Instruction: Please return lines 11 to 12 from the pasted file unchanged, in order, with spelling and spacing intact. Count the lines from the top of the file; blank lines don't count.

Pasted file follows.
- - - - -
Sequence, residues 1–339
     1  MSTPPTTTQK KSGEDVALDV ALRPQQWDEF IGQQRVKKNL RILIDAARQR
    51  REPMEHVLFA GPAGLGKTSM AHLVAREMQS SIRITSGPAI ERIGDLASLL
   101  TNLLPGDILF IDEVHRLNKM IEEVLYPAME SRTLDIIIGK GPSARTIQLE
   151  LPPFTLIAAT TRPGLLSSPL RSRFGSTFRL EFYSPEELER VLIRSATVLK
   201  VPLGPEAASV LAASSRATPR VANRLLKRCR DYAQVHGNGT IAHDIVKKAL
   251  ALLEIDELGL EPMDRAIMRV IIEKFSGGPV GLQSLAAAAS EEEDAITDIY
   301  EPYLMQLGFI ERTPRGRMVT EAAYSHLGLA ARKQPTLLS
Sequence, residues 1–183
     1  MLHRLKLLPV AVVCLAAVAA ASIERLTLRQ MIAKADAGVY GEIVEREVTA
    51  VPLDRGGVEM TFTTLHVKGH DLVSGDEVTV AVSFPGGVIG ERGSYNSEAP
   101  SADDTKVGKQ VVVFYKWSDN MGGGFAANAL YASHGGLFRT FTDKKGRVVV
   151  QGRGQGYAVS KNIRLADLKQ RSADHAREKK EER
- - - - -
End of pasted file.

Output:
    51  VPLDRGGVEM TFTTLHVKGH DLVSGDEVTV AVSFPGGVIG ERGSYNSEAP
   101  SADDTKVGKQ VVVFYKWSDN MGGGFAANAL YASHGGLFRT FTDKKGRVVV